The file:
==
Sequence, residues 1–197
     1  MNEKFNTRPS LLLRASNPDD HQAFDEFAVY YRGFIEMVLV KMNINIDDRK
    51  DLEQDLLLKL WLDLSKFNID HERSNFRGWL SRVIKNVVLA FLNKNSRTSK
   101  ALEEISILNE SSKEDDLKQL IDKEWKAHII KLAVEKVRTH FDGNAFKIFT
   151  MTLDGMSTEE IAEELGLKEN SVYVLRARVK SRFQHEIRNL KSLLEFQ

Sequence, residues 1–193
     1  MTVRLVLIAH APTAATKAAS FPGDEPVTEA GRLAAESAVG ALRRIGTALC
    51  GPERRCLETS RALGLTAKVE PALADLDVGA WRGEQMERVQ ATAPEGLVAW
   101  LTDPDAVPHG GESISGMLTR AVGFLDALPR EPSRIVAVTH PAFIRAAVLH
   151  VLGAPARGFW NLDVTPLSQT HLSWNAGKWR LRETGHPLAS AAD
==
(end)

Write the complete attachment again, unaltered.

Sequence, residues 1–197
     1  MNEKFNTRPS LLLRASNPDD HQAFDEFAVY YRGFIEMVLV KMNINIDDRK
    51  DLEQDLLLKL WLDLSKFNID HERSNFRGWL SRVIKNVVLA FLNKNSRTSK
   101  ALEEISILNE SSKEDDLKQL IDKEWKAHII KLAVEKVRTH FDGNAFKIFT
   151  MTLDGMSTEE IAEELGLKEN SVYVLRARVK SRFQHEIRNL KSLLEFQ

Sequence, residues 1–193
     1  MTVRLVLIAH APTAATKAAS FPGDEPVTEA GRLAAESAVG ALRRIGTALC
    51  GPERRCLETS RALGLTAKVE PALADLDVGA WRGEQMERVQ ATAPEGLVAW
   101  LTDPDAVPHG GESISGMLTR AVGFLDALPR EPSRIVAVTH PAFIRAAVLH
   151  VLGAPARGFW NLDVTPLSQT HLSWNAGKWR LRETGHPLAS AAD